Undertaking a 10-hour swim across the freezing English Channel without the proper equipment, training, or the right passport is not the brightest idea, but 17-year old Bilal is desperate.
Bilal (Firat Ayverdi) wants to reunite with his girlfriend in Great Britain, but is stuck in Calais, a port city in northern France.
Welcome, directed by Philippe Lioret, is a fictional story, but it has a ring of truth; over 1,500 migrants enter Great Britain illegally from Calais each year.
Bilal, an immigrant from Kurdistan, Iraq, has tried everything to get across the English Channel, including hiding as a stowaway on a cargo truck. After getting caught, he has no other way but to swim across to England. He enlists the help of Simon Carlat (Vincent Lindon), a skeptical but kind hearted swimming coach. Carlat has problems of his own, he is in the middle of a divorce from his humanitarian wife Marion (Audrey Dana) and although he first helps Bilal to impress his wife, the two become unlikely friends. Through Bilal, Carlat learns the power of tolerance, love, and courage in the face of discrimination.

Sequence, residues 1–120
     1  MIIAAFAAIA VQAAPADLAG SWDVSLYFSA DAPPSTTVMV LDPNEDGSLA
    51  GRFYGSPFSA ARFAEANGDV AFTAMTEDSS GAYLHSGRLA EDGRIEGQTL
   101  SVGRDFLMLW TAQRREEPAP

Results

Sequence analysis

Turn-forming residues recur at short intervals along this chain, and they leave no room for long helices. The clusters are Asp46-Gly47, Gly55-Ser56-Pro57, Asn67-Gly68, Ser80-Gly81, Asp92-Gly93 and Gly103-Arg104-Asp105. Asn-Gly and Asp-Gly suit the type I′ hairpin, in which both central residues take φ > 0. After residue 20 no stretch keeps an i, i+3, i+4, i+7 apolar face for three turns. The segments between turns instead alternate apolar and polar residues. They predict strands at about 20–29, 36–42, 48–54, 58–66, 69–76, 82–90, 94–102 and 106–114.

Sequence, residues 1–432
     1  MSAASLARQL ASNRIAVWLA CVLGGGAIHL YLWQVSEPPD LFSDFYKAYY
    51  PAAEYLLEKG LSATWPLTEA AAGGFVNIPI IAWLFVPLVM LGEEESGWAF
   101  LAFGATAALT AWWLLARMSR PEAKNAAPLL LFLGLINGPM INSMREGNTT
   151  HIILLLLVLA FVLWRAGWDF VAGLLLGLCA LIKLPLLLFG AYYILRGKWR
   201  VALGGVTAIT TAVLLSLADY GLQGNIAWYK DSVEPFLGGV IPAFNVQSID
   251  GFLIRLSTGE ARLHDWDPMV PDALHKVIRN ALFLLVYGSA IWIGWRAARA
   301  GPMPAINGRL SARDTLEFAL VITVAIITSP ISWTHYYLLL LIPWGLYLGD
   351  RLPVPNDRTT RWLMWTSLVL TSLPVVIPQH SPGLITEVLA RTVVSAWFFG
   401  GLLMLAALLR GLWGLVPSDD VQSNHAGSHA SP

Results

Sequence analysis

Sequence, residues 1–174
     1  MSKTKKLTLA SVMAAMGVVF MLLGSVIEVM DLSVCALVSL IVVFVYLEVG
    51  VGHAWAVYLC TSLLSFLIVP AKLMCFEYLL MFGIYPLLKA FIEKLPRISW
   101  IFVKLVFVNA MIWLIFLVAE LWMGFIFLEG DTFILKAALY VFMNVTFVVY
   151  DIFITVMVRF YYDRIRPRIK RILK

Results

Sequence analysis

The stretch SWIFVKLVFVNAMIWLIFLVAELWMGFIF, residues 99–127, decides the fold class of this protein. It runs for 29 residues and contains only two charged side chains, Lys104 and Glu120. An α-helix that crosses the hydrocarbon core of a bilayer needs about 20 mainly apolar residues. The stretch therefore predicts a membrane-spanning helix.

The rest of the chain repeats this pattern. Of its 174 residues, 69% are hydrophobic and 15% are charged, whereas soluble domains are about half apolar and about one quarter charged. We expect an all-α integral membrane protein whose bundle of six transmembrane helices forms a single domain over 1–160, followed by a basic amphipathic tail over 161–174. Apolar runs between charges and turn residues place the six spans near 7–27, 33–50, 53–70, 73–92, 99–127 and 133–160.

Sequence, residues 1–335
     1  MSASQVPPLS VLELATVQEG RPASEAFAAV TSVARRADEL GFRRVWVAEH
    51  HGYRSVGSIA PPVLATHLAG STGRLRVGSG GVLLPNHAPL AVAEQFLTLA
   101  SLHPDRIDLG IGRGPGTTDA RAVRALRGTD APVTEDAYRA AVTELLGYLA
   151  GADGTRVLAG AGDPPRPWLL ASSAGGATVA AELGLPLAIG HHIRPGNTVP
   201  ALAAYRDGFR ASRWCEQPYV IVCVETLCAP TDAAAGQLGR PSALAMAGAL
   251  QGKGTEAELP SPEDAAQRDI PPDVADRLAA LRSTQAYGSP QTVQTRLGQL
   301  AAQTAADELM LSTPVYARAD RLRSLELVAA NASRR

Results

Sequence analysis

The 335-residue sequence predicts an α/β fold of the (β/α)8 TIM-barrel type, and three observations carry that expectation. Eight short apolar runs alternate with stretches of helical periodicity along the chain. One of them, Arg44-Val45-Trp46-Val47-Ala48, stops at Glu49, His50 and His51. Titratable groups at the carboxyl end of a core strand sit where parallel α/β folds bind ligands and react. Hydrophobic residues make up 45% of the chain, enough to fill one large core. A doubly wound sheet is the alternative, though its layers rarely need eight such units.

Welcome is honest, powerful, and surprisingly not preachy with its message. The camera is invisible (you forget that you are watching fiction) and the instrumental soundtrack is heartbreaking and beautiful. The cast is equally impressive, especially considering that this is Ayverdi’s first film.
The ironically titled Welcome may be a tearjerker, but it also has exceptional political timing. It so happens that French authorities raided a shelter near the Calais port, housing 700-800 illegal immigrants, in September.
The only downside is the characters mostly speak in lightning speed Parisian French and occasionally in Kurdish (with French subtitles), which may pose a problem for out-of-towners and English speaking Montrealers. Grab a bilingual friend and head on over to the festival, because Welcome is a must see.
Welcome screens at Cinema ImpÃ©rial on Friday Nov. 6 at 12 p.m. and Saturday Nov. 7 at 7 p.m.